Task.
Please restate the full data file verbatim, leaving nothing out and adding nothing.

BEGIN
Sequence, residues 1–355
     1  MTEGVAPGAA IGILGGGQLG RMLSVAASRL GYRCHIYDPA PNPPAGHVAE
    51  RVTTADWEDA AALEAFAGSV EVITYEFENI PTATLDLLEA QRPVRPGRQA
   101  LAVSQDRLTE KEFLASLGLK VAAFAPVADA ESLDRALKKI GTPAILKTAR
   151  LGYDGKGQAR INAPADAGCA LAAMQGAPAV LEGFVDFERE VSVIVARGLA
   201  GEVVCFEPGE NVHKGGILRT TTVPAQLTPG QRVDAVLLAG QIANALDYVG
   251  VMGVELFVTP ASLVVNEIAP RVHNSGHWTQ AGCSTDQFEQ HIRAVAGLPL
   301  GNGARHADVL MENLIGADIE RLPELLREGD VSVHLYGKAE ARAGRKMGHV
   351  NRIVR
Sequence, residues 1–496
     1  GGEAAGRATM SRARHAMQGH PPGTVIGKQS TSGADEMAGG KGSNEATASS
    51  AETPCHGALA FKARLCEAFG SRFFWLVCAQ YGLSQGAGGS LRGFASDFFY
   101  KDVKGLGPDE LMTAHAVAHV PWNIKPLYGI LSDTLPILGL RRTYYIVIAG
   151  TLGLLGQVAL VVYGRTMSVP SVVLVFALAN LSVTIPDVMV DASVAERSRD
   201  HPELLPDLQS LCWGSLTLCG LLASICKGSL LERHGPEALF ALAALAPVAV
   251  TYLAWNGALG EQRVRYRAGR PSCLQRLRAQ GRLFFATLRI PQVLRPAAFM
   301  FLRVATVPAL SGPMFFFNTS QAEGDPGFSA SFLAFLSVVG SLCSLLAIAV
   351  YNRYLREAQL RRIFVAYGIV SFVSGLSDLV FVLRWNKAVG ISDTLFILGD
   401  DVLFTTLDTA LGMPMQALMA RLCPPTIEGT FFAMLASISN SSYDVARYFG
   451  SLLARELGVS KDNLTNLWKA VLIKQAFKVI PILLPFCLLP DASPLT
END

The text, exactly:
Sequence, residues 1–355
     1  MTEGVAPGAA IGILGGGQLG RMLSVAASRL GYRCHIYDPA PNPPAGHVAE
    51  RVTTADWEDA AALEAFAGSV EVITYEFENI PTATLDLLEA QRPVRPGRQA
   101  LAVSQDRLTE KEFLASLGLK VAAFAPVADA ESLDRALKKI GTPAILKTAR
   151  LGYDGKGQAR INAPADAGCA LAAMQGAPAV LEGFVDFERE VSVIVARGLA
   201  GEVVCFEPGE NVHKGGILRT TTVPAQLTPG QRVDAVLLAG QIANALDYVG
   251  VMGVELFVTP ASLVVNEIAP RVHNSGHWTQ AGCSTDQFEQ HIRAVAGLPL
   301  GNGARHADVL MENLIGADIE RLPELLREGD VSVHLYGKAE ARAGRKMGHV
   351  NRIVR
Sequence, residues 1–496
     1  GGEAAGRATM SRARHAMQGH PPGTVIGKQS TSGADEMAGG KGSNEATASS
    51  AETPCHGALA FKARLCEAFG SRFFWLVCAQ YGLSQGAGGS LRGFASDFFY
   101  KDVKGLGPDE LMTAHAVAHV PWNIKPLYGI LSDTLPILGL RRTYYIVIAG
   151  TLGLLGQVAL VVYGRTMSVP SVVLVFALAN LSVTIPDVMV DASVAERSRD
   201  HPELLPDLQS LCWGSLTLCG LLASICKGSL LERHGPEALF ALAALAPVAV
   251  TYLAWNGALG EQRVRYRAGR PSCLQRLRAQ GRLFFATLRI PQVLRPAAFM
   301  FLRVATVPAL SGPMFFFNTS QAEGDPGFSA SFLAFLSVVG SLCSLLAIAV
   351  YNRYLREAQL RRIFVAYGIV SFVSGLSDLV FVLRWNKAVG ISDTLFILGD
   401  DVLFTTLDTA LGMPMQALMA RLCPPTIEGT FFAMLASISN SSYDVARYFG
   451  SLLARELGVS KDNLTNLWKA VLIKQAFKVI PILLPFCLLP DASPLT